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Friday, September 23 2016

Warning: This newsletter may put you to sleep

There are many factors that influence both depression and sleep.  In a previous newsletter I talked about the dangers of GMO foods, and how Glyphosate (Roundup) has been shown to influence the Shikimate pathway of our gut bacteria and their production of amino acids such as Tryptophan and Tyrosine that are precursors to Serotonin and Dopamine.  Other newsletters on Heart Rate Variability and stress pointed to the effects of the imbalance of the sympathetic and parasympathetic nervous system and how cortisol fluctuations could influence hormones and sleep cycles.  All of those factors are important but this newsletter will focus on Tryptophan, about why it is such an important amino acid, why it is poorly utilized and what can be done to improve optimal levels.


The Serotonin pathway and Kynurenine pathway

Tryptophan is an amino acid that gets converted to a neurotransmitter serotonin and this has been linked to restful sleep, and in the case of low levels, depression and even problems such as obsessive compulsive issues.  There are a few biochemical steps that take place in order for this to happen.  Tryptophan first gets converted to 5-HTP or (5-hydroxytryptophan) and this in turn is converted in our bodies to serotonin.  If you or someone you know has tried either taking tryptophan or 5-HTP as a supplement, they may or may not have had success in achieving restful sleep or avoiding SSRI (selective serotonin reuptake inhibitor) antidepressant medications.  The following information may explain why. 

The above diagram shows how tryptophan can either be converted along the Serotonin  pathway, or take another route called the Kynurenine pathway.  The Kynurenine pathway has its purpose because it leads to the production of vitamin B3 (niacin).  In fact, it is estimated that well over 90% of all tryptophan may well go this route.  In 1969, an early researcher of this information Gregory Oxenkrug, suggested that the best way to deal with depression was not to focus on optimizing serotonin levels but to focus on the cause of why someone might shunt more tryptophan down the kynurenine pathway than was needed.   Not all of tryptophan along the Kynurenine pathway winds up as vitamin B3.  When excessive amounts of tryptophan go down the Kynurenine pathway excess amounts of an inflammatory chemical Quinolinic acid rise.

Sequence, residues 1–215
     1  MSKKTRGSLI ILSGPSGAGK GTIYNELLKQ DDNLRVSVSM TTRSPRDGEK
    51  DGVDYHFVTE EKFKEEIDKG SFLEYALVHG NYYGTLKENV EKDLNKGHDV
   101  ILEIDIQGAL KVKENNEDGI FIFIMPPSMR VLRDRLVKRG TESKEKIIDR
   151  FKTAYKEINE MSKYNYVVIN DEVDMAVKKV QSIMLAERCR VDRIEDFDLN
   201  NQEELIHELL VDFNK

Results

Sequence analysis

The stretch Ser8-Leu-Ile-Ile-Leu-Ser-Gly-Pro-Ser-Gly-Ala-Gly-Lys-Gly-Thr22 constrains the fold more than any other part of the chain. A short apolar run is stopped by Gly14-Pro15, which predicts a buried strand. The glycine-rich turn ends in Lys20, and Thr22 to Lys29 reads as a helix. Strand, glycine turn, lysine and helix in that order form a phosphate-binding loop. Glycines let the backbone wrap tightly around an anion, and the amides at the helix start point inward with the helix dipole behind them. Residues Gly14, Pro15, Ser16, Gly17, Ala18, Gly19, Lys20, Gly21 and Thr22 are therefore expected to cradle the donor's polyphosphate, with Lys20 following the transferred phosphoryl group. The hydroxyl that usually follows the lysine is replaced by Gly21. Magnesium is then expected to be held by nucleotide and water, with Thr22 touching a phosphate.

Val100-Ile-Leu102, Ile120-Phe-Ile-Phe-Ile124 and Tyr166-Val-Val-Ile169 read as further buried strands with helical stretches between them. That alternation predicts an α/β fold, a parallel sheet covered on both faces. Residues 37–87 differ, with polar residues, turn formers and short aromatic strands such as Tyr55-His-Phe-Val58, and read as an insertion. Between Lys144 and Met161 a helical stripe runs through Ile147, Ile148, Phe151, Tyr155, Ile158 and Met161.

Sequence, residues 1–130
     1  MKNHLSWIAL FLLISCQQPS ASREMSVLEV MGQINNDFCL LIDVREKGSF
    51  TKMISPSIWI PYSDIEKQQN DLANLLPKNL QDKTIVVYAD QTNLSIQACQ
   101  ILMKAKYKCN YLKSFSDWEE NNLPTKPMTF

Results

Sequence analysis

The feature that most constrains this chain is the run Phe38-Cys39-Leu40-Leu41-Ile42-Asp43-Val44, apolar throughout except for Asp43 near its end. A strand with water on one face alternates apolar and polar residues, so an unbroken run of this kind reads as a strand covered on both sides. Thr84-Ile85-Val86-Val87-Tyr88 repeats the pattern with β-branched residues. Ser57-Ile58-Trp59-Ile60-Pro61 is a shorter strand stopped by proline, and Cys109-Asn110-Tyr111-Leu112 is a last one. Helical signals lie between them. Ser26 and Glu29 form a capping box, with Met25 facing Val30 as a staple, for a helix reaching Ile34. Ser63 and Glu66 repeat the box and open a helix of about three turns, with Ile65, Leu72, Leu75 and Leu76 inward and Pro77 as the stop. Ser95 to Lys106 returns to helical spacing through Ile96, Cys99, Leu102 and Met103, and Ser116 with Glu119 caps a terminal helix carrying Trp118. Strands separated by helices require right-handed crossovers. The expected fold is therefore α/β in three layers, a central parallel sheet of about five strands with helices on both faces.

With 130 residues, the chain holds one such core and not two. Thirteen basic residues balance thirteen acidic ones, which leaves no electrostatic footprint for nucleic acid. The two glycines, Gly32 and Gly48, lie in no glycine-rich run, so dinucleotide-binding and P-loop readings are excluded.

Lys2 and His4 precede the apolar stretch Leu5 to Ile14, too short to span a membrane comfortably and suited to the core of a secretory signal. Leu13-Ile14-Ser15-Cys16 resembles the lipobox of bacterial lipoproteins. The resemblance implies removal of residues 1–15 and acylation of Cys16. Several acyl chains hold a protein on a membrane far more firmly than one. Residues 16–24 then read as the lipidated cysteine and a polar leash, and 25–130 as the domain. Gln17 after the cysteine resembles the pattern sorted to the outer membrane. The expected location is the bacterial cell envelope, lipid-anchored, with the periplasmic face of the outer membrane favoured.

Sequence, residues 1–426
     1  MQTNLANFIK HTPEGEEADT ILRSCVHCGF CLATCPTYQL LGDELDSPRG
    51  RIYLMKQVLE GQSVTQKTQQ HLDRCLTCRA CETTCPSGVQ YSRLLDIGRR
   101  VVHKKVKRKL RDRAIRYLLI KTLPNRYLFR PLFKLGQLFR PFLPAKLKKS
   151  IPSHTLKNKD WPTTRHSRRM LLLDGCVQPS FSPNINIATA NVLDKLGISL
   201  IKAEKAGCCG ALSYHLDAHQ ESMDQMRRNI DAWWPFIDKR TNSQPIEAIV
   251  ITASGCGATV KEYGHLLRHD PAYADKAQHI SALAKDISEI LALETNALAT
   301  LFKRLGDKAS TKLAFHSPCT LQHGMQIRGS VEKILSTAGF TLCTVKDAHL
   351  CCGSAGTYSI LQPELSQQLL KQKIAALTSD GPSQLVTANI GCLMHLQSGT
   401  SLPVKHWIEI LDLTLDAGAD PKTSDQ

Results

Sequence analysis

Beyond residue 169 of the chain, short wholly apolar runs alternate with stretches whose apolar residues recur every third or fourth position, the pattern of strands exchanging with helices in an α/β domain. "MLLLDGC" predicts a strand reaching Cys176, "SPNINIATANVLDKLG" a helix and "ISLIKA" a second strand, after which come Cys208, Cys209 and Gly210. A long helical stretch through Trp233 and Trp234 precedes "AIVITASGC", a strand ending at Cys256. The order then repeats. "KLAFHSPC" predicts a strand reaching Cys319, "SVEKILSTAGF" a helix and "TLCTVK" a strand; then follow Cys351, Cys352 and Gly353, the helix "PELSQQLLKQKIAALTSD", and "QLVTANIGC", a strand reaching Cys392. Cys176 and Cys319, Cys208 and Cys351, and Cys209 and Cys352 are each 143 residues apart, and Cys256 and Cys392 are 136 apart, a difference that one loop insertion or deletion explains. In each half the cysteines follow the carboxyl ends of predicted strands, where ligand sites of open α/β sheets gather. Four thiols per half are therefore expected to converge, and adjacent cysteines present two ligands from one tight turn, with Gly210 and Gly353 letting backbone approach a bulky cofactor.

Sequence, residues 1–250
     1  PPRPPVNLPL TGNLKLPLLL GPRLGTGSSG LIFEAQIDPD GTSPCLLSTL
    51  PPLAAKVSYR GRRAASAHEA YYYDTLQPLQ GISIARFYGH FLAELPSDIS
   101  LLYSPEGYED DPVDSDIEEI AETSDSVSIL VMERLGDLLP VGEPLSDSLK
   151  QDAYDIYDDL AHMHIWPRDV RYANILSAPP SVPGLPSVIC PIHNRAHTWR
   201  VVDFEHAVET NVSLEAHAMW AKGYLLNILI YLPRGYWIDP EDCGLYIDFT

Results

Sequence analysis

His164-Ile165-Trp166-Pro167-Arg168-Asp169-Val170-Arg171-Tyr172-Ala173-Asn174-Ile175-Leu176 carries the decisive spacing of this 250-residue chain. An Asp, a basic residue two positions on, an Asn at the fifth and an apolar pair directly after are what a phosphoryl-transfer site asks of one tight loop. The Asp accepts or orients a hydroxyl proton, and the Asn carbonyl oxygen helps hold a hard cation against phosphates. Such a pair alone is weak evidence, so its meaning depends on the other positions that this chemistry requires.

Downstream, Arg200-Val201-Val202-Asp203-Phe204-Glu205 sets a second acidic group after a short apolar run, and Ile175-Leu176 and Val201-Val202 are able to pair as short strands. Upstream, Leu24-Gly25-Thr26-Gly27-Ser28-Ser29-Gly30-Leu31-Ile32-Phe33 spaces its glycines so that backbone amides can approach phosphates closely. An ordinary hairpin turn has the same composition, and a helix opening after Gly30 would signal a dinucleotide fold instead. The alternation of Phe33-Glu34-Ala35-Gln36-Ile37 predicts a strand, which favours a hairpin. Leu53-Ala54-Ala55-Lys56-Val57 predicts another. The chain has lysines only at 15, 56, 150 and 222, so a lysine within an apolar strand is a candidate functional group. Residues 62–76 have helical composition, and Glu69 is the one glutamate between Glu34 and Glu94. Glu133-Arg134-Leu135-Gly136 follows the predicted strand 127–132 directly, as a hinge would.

One of the reasons for the body to shunt tryptophan to the kynurenine pathway is the overproduction of the stress hormone cortisol.  Cortisol increases hepatic tryptophan 2,3 dioxygenase (T.D.O) activity in the liver.  T.D.O is a potent catabolic enzyme of tryptophan, leading to tryptophan depletion, and to a decrease in serotonin synthesis.  It is also referred to as tryptophan pyrrolase.


The other most common reason is the presence of inflammation in the body.  Inflammation from food sensitivities, chronic infections, or exposure to substances in our environment such as pesticides and other chemicals increase a chemical called indolamine 2,3 dioxyanase (I.D.O.)  I.D.O., burns up 5-HTP and tryptophan before it can be transported across the blood-brain barrier causing a release of some toxic byproducts such as Quinolinic acid.  For people with inflammation who take tryptophan and 5-HTP and as a result experience malaise or a lack of wellbeing, then this is a confirmation that the person has inflammation. 

Final thoughts

There are nutrients that help convert tryptophan to 5-HTP, and 5-HTP to serotonin.  Notably they are zinc, iron, calcium, magnesium, folic acid, vitamin C, and B6.  Those supplements may help in elevating serotonin. There is also another nutrient that is needed to help convert tryptophan to 5 HTP.  It is also important for converting other amino acids into neurotransmitters. This nutrient is BH4.  BH4 is tetrahydrobiopterin, and is made by our bodies from BH2, methyl folate, and SAMe.  BH4 is a critical enzyme that can be low in people who are genetically challenged with methylation ability, or have problems with breaking down ammonia in the urea cycle.  This can result in elevated nitrogen based free radicals such as the unhealthy form of nitric oxide, iNOS, also known as inducible nitric oxide synthase, causing inflammation!

Depression and sleep disturbances are clearly not just a disturbance in the serotonin pathway.  It is imperative to look at the liver, the inflammatory state of the patient, the level of stress they are under, and all the co-factors of serotonin synthesis to see the greatest results.   Therefore it would be useful to do various lab tests to evaluate levels of toxicity, vitamin and mineral deficiencies and stress levels for yourself if you wanted to get a more complete understanding of how you may enjoy a more restful sleep, reduce bouts of depression or obsessive compulsive disorders.  A more natural approach can help you avoid medications such as SSRI's and their serious side effects.

Posted by: Dr. Paul Goldstein AT 10:50 am   |  Permalink   |  0 Comments  |  Email

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